PEP: Politically Exposed Persons

When working with PEPs you need to be particularly careful.
Detect cover-ups in order to identify links.

Identifying cover-ups: What are PEPs?

Politically exposed persons (PEPs) pose a particularly high risk if you are involved in a business relationship with them. PEPs are Individuals who hold or have held important public office in the past. Before entering into a business relationship with prominent PEP individuals or through organizations as customers or suppliers, running them through a PEP list and doing thorough due diligence on them would reveal any financial crimes they may be associated to avoid issues in the future.

Click here for a summary of the various categories.

The EU Anti-Money Laundering Directives define a PEP as any holder of a public office at home or in a foreign country. According to the AMLDs, natural persons are those who have been assigned with prominent political functions and immediate family members are known to be close associates of such persons.

PEPs natural person may include:

Legislative bodies

Political institution which holds the legislative power in a state, and often controls the executive power.

Executive bodies

A part of the government with authority and responsibility that enforces the law for the daily administration of the state.

Security forces

These are statutory organisations with an internal security commission tasked with the provision of public security

Judicial bodies

Any public organization or branch of government that enforces the law and responsible for the administration of justice.


A bureaucrat within an institution of government can compose the administration of any organization of any size.

Relatives of Politicians

Parents, children, siblings, in-laws, etc are considered as relatives of politicians.

Types of Politically Exposed Person (PEP)

It is important to understand what type of politically exposed person you are screening, as this will help you better understand the risk that they may pose.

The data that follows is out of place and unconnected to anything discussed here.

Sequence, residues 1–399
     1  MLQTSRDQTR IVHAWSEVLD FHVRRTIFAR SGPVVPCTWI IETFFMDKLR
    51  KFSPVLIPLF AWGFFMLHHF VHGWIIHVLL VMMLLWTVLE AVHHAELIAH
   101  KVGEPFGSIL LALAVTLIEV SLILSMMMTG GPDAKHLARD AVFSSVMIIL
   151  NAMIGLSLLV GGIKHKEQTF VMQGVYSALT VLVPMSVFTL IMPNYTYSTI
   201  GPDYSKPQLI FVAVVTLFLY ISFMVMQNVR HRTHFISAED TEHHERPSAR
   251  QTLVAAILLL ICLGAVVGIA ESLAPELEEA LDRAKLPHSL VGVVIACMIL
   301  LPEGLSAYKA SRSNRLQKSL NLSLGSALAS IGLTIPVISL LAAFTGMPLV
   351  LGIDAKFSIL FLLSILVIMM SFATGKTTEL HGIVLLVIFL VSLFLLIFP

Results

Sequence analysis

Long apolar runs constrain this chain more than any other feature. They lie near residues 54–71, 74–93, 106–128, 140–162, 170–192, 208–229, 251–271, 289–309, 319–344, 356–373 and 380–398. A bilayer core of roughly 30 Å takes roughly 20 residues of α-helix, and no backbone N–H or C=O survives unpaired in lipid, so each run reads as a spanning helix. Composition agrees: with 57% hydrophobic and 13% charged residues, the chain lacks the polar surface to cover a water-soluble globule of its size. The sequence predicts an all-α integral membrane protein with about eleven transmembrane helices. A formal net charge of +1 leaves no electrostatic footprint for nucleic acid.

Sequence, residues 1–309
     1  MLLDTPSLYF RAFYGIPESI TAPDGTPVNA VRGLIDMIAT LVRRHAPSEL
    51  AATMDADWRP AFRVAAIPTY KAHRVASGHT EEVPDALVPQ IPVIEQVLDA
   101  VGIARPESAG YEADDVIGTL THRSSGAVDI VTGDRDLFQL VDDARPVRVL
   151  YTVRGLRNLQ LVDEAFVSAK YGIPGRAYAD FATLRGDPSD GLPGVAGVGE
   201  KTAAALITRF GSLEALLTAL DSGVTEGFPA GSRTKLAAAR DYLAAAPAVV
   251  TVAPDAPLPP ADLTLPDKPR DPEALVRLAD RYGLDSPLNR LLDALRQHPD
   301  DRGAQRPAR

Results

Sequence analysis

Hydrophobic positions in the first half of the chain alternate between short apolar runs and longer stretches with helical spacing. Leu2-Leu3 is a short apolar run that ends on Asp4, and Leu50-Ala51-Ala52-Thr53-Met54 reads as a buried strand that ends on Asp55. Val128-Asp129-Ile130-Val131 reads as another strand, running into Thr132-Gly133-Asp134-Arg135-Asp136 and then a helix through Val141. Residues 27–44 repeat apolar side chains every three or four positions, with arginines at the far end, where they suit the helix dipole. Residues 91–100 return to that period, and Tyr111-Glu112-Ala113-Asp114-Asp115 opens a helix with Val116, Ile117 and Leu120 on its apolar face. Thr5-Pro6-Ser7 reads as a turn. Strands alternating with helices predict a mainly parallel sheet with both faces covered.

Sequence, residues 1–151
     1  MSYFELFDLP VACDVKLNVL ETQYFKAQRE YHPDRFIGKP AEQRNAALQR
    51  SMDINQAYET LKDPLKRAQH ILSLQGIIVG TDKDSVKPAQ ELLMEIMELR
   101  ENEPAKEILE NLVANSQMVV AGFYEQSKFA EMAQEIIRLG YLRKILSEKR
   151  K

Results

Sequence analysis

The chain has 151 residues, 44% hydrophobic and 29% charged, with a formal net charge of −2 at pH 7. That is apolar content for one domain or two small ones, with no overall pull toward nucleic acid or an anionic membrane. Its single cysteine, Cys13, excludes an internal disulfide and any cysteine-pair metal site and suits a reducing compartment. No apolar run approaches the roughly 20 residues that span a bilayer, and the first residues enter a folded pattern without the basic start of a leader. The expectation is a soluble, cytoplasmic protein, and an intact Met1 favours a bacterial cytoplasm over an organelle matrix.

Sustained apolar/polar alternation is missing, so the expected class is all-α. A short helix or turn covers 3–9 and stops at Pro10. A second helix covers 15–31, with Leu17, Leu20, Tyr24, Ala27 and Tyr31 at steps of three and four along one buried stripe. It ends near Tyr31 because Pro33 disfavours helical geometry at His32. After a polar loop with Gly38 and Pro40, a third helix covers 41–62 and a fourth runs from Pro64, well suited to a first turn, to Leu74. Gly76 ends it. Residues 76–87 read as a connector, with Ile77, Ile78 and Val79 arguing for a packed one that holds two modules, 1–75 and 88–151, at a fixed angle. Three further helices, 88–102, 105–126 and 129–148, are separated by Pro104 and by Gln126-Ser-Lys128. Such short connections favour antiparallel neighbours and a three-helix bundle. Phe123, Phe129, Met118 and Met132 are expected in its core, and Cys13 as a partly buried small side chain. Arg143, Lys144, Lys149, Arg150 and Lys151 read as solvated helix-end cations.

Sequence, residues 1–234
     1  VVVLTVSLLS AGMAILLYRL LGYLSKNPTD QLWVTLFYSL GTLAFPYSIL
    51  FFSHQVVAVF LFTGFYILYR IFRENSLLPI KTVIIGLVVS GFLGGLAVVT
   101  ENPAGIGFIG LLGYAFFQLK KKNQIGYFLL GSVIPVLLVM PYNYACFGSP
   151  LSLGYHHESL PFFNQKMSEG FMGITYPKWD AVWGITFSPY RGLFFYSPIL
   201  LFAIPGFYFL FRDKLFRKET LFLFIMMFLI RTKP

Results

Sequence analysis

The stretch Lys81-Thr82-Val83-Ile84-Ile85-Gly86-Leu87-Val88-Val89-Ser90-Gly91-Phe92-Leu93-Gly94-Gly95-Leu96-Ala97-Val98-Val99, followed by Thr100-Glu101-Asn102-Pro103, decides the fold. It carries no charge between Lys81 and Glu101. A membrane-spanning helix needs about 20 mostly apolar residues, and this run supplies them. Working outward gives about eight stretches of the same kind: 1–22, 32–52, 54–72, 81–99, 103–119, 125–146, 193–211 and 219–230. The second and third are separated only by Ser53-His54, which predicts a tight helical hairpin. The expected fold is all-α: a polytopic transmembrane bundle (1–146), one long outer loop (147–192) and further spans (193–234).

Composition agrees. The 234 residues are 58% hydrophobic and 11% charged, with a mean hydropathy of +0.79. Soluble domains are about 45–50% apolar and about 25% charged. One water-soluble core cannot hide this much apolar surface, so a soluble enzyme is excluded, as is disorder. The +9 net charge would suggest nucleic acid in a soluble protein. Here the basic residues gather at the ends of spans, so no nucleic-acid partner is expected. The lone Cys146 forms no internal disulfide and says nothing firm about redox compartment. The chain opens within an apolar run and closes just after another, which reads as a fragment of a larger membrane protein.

The Anti-Money Laundering and Counter-Terrorism Financing Act 2006 (AML/CTF Act) identifies three types of PEPs:

  • Domestic politically exposed person - entrusted with a prominent public role in a national government.
  • Foreign politically exposed person - a high ranking political figure in a foreign country.
  • International organisation politically exposed person - prominent public members of an international organisation, such as the UN, WTO or NATO.

Examples of PEPs

Examples of politically exposed persons include:

  • Heads of government or heads of state
  • Senior politicians and government officials
  • Top military or judicial officials
  • Senior executives of government owned organisations
  • High ranking political party members

Close associates such as immediate family members and support staff are also considered PEPs.

Why are PEPs particularly risky?

Because of their influential public position, politically exposed persons are assumed to be at greater risk of corruption and money laundering. PEPs are not infrequently found to be involved in the payment of bribes to influence decisions on the awarding of contracts, finance terrorism, evade tax or launder illegally obtained money.

For example, the Panama Papers published in 2016 revealed details of 140 PEPs who had used letterbox companies to launder money or disguise their ownership of dirty money.

Be on the alert: Doing Due Diligence on PEPs

PEPs call for enhanced due diligence, governance risk and compliance checks under Section 6 of the German Money Laundering Act (GWG). Among other things, the checks must clarify the origin of assets in order to prevent money laundering. In a risk-based approach, PEPs are automatically classed as high risk. A robust PEP check uses PEP lists of politically exposed persons. The regulatory authority or financial regulators established by the government is responsible for providing guidance, assessing and enforcing compliance with PEP standards to banks. Banks may oversee enhanced due diligence measures or legal action task based on the risk assessment. This may require intensive due diligence for higher-risk customers, especially those for whom the sources of funds are not clear.